New summer menu at Against the Grain is meat-friendly and fun (try the jerky)

Against the Grain rib tipsJust when it seemed like Against the Grain Brewery & Smokehouse couldn’t possibly fit anything else on its plate in the wake of firing up a new brewery in the last couple of months and launching its first line of canned beers, it has. Literally.

Co-owner Sam Cruz announced in a press release that Chef Jordan Delewis has unleashed a new menu for summer that expands the brewery’s selection of smoked meats while adding a few new wrinkles, including caramel-bacon popcorn and donut holes, not to mention new cocktail options.

A new house specialty is a smoked ham and cheese sandwich for $11, described with these tantalizing ingredients: “sweet tea city ham, Kenny’s white cheddar, arugula, apple mustard, Breadworks brioche bun.”

There’s also now a house-made smoked sausage by the link or on a bun ($6.50 or $8.50), not to mention spare ribs, either half ($14) or full rack ($26).

“Chef Jordan has put an emphasis on our smoked meats,” the press release crows.

Indeed. But that isn’t all. Hi-Five Donuts has invaded the dessert menu with bacon-glazed donuts topped with house-cured bacon. Even the desserts are meat. And the aforementioned donut holes are served with beer custard made, of course, with Against the Grain beer.

And if you crave a bar snack, try out the bacon-caramel popcorn, which is exactly what the name says it is, for $3, or perhaps some house-made barbecue beef jerky for $4.

I stopped in recently with two meat-focused menu items I wanted to try: the jerky and an order of “Hot Tips” — rib tips served with house hot barbecue sauce. For $9, I figured I’d get six or eight good-sized tips, then I’d move onto the jerky. Hey, this is an appetizer item — it didn’t dawn on me it would be a plate designed for sharing, even though it absolutely should have.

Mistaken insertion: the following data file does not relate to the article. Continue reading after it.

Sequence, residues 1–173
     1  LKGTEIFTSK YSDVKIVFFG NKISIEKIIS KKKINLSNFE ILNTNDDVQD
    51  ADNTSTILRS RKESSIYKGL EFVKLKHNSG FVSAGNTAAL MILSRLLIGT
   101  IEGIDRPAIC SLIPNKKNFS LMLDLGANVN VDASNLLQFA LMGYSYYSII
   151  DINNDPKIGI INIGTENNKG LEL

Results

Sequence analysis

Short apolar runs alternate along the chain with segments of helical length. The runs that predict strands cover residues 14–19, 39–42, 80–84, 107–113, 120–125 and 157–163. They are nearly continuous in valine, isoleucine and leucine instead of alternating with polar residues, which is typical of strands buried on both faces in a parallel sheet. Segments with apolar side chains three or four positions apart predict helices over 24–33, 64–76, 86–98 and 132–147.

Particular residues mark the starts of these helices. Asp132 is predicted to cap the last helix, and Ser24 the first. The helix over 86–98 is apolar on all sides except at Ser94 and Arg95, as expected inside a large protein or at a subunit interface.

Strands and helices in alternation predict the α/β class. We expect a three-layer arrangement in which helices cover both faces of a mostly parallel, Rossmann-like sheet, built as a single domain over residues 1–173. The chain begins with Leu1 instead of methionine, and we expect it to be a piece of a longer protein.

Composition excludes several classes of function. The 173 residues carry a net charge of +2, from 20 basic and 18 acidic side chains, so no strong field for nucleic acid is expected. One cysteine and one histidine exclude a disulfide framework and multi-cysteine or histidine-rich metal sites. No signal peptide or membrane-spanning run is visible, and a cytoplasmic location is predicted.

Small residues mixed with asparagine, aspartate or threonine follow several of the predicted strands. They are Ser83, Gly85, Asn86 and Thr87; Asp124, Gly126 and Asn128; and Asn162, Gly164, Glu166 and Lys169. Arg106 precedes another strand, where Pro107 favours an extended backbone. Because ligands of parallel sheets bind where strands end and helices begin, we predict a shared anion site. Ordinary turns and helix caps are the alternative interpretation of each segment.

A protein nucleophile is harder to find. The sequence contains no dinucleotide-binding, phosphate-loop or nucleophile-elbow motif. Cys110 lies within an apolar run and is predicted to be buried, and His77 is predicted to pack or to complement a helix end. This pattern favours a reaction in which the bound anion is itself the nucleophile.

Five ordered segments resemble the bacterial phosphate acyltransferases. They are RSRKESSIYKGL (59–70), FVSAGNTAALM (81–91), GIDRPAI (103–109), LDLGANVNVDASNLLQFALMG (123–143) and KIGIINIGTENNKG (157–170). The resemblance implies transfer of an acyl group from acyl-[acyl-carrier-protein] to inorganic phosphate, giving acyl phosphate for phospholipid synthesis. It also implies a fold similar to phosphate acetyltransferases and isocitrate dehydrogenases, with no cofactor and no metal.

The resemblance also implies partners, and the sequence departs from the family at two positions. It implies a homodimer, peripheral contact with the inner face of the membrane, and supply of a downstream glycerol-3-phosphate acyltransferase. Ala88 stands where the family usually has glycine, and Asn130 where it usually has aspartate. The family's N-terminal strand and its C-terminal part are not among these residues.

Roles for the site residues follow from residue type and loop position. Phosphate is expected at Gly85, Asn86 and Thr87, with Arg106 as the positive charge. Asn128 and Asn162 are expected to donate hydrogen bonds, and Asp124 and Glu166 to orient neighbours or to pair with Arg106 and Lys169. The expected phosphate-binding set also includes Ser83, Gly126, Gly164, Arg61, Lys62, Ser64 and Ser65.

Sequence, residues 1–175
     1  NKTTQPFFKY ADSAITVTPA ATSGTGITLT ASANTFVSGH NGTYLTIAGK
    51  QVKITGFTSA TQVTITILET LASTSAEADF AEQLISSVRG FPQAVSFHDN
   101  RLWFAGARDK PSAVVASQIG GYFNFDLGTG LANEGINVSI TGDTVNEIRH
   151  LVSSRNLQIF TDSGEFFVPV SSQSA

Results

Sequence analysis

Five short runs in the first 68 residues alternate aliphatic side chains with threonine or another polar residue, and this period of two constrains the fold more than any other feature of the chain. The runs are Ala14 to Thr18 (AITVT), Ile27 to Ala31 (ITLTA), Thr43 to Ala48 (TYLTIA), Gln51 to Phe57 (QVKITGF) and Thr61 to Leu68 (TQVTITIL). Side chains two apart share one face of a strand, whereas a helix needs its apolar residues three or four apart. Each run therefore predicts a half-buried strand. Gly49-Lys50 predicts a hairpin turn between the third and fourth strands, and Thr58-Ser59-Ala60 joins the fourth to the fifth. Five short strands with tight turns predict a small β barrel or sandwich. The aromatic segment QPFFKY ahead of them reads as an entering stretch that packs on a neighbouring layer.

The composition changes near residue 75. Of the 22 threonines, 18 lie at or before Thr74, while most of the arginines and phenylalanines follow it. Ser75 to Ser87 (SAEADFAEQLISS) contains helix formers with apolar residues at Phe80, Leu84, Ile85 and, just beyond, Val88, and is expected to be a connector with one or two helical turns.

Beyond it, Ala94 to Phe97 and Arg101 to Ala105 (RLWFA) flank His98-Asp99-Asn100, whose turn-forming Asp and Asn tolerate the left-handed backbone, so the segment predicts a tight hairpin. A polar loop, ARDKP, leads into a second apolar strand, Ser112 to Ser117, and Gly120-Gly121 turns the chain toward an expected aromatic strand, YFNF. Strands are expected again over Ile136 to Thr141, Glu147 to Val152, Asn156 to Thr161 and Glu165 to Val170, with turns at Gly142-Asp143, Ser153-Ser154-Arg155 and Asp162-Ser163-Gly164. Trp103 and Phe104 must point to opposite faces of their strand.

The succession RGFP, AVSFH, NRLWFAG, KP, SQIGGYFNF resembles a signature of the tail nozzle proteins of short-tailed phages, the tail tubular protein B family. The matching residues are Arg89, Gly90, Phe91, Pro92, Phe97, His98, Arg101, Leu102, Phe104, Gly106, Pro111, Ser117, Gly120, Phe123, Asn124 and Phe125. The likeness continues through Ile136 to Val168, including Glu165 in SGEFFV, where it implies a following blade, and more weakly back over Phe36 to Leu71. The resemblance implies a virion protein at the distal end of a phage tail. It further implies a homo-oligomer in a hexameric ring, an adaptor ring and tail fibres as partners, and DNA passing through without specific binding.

So, what was presented to me was a pile of barbecued meat, served wet. They didn’t give me silverware — they’re rib tips, after all. So I dug in.

The smaller bites were chewy, even crackly, while the larger tips were tender with crispy edges and full of pork flavor, nicely smoked. Plenty of fat is left on the tips, which was fine with me. The only obstacles were the occasional small bone tips, but that’s part of the fun with a dish like this.

The sauce is spot on for the dish, although I would actually prefer a bit more heat, as the thick, red sauce relies more on a sweet-ish Southern tangy flavor than the visible peppers. (Although, as you plow through, there is a slowly building, lingering warmth.) They’re also good left over, and my dog Darby got plenty of enjoyment from the rubbery bone tips.

I made a good call by pairing the meat plate with a pint of The Ballad of Hoppy Johnny, the IPA of choice on tap the day I visited; the brew offered mild hop (65.7 IBU) and a nice, dry fruity bitterness into the mix.

AtG jerkyAbout halfway through, I asked for a to-go box and added some jerky to my order. And, to my great disappointment, they were out. I let out an audible groan, after which my server apologized. So I waited a few days and returned, and boy, am I glad I did.

For $4, I got a cup of about seven or eight strips of tender, peppery jerky that was not far removed from simply being flat iron steak. This isn’t the dry, stringy stuff you get at a gas station, this is nicely smoked and barbecued meat bursting with flavor that also has a slowly building heat profile.

I enjoyed my order with a California Common-style beer called I Left My Pride in San Francisco, but I have to say that jerky would actually partner well with a cabernet sauvignon or even a zinfandel. And if Against the Grain named its food the way it names its beers, they might call the jerky Get Your Own. Yeah, it was that good.

Anyway, I’ll say that if the rest of the new menu is as good as the jerky and Hot Tips, it’s going to be a good summer at AtG. A line of new canned beers and a production brewery that operates nearly 24 hours a day, seven days a week apparently is just a start.

This post was originally published by Insider Louisville.

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